Turning to FIG. 10, an exemplary method 160 depicting an initial setup and operations process of data storage system 10 (FIG. 1) for providing on-demand storage to a customer is illustrated. As one skilled in the art will appreciate, various steps in the method 160 may be implemented in differing ways to suit a particular application. In addition, the described method may be implemented by various means, such as hardware, software, firmware, or a combination thereof operational on or otherwise associated with the storage environment. For example, the method may be implemented, partially or wholly, as a computer program product including a computer-readable storage medium having computer-readable program code portions stored therein. The computer-readable storage medium may include disk drives, flash memory, digital versatile disks (DVDs), compact disks (CDs), and other types of storage mediums.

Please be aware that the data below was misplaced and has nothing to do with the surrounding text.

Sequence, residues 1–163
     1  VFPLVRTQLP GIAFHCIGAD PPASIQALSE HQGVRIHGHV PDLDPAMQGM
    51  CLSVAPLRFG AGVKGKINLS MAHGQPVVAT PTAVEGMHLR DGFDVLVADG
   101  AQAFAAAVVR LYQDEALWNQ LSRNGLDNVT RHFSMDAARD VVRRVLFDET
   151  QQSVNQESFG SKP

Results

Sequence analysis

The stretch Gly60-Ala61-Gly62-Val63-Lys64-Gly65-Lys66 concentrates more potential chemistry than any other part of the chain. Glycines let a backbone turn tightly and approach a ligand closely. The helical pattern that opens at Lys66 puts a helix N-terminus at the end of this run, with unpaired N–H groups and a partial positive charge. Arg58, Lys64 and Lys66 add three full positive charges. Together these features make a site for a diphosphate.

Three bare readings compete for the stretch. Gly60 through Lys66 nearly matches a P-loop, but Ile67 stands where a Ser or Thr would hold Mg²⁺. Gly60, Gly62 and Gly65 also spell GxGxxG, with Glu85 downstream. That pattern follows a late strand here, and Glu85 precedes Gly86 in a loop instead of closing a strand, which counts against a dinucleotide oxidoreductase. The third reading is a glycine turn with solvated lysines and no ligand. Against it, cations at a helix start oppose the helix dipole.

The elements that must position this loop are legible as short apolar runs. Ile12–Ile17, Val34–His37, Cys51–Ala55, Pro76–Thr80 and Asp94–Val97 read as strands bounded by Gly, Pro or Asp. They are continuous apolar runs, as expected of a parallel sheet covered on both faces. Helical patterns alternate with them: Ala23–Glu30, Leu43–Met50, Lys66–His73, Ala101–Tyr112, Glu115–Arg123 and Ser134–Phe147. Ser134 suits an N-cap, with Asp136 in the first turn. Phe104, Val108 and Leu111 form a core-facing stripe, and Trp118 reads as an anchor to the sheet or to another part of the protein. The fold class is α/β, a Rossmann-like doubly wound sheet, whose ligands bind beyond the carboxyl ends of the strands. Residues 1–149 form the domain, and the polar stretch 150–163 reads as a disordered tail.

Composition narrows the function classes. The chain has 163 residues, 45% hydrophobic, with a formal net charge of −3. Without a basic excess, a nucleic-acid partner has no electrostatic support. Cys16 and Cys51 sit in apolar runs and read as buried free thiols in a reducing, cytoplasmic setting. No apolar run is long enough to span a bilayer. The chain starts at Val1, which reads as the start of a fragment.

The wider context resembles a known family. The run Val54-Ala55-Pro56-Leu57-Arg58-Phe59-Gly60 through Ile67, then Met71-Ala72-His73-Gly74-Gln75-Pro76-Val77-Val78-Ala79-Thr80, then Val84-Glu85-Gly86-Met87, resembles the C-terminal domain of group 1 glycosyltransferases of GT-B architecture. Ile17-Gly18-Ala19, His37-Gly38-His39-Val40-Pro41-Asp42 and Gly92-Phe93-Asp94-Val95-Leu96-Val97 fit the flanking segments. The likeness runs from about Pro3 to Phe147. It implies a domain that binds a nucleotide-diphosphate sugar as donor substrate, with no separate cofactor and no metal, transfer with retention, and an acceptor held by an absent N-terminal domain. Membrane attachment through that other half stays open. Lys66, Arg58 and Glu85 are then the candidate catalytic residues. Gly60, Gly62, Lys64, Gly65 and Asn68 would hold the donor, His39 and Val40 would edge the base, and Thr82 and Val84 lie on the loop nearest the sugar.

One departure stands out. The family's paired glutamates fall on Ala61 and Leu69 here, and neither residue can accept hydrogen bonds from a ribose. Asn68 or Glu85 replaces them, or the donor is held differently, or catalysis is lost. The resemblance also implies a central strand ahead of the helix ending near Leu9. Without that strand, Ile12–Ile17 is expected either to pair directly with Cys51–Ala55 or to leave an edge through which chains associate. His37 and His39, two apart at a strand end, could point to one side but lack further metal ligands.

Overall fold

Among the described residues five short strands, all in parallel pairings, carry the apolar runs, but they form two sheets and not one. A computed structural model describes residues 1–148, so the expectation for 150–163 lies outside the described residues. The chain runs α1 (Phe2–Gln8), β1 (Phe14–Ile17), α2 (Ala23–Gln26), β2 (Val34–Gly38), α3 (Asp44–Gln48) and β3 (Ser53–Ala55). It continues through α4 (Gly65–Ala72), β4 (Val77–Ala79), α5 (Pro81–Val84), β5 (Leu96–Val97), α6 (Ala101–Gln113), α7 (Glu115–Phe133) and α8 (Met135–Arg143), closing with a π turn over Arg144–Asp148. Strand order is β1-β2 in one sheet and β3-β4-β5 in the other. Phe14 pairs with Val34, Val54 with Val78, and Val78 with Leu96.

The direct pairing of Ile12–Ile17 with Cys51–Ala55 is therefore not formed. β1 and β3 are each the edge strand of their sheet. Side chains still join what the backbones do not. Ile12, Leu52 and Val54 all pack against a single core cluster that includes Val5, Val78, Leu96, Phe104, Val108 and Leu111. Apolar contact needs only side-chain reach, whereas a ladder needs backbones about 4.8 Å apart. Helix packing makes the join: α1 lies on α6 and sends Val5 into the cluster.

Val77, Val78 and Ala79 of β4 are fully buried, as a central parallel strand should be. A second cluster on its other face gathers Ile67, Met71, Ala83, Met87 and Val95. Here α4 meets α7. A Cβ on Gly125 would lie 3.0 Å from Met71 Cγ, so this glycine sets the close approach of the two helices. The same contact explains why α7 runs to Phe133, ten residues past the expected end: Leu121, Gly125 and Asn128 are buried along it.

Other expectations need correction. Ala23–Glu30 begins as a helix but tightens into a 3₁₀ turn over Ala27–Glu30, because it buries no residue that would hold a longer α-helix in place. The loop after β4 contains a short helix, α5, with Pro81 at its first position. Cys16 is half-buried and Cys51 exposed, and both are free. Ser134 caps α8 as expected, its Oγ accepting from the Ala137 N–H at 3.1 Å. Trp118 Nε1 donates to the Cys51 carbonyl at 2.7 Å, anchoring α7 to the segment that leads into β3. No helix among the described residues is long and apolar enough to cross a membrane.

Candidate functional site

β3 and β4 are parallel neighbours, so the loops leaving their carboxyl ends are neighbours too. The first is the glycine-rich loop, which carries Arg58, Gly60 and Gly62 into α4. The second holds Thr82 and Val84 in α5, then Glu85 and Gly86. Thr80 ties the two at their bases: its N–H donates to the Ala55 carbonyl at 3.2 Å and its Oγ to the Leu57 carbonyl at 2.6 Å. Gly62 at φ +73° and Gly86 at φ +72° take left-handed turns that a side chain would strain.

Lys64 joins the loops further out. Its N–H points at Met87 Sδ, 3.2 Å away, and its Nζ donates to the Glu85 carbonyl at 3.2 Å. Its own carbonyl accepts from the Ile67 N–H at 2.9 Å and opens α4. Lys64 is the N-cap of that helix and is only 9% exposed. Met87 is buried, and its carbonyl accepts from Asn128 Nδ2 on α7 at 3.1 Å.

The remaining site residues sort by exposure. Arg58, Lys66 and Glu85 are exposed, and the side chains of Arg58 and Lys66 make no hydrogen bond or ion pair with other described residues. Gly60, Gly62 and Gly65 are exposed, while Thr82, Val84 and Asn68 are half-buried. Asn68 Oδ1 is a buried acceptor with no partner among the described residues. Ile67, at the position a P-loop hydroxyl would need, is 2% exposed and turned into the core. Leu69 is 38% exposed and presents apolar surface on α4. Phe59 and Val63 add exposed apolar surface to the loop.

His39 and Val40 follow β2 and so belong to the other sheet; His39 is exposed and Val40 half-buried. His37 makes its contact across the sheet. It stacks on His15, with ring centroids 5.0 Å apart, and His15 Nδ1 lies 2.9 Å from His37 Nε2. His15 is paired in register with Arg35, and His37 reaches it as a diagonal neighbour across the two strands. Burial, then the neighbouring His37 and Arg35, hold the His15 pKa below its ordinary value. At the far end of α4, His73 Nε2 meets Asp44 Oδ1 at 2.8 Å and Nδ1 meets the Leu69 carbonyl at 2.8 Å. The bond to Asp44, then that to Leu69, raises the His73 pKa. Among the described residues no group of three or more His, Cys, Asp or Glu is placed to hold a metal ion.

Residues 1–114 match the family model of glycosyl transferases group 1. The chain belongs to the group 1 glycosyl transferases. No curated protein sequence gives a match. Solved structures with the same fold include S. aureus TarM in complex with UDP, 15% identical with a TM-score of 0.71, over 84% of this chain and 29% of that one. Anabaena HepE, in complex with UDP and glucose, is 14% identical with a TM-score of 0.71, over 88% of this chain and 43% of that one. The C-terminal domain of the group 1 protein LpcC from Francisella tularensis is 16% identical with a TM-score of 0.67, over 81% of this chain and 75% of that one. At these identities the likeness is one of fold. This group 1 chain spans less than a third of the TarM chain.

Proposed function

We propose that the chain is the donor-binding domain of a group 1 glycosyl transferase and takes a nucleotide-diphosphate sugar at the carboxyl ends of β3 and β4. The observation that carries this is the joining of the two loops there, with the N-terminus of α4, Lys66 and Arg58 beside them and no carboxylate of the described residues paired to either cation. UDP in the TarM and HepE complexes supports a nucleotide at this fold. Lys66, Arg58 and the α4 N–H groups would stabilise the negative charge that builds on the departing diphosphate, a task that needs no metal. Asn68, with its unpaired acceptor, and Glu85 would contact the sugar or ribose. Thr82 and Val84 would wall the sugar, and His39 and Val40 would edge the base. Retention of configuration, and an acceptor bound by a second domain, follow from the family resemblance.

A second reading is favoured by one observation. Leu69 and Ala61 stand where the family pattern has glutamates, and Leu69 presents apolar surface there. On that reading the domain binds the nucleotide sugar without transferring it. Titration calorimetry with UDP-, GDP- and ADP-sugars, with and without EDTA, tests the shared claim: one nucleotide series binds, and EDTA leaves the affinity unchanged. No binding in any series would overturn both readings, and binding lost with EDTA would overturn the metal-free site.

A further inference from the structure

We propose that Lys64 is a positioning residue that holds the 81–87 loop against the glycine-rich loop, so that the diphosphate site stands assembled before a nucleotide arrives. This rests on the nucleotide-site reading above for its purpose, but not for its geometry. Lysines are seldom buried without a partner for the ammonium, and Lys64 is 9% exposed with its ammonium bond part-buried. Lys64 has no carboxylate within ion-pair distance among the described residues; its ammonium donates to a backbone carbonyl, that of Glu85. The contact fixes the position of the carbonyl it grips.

Method 160 begins (step 162) with a customer preregistration process. A customer may preregister for on-demand storage capacity with a particular vendor. Such a preregistration process allows the vendor to pre-allocate storage that may be later used by the customer. Depending on the customer and vendor relationship, and further described below, the customer or/and the vendor may then allocate and configure the virtual array sites. In one embodiment, the virtual array sites may be configured by the local storage server as if they were located on the local storage server. The virtual array sites are allocated on the remote storage server (step 166).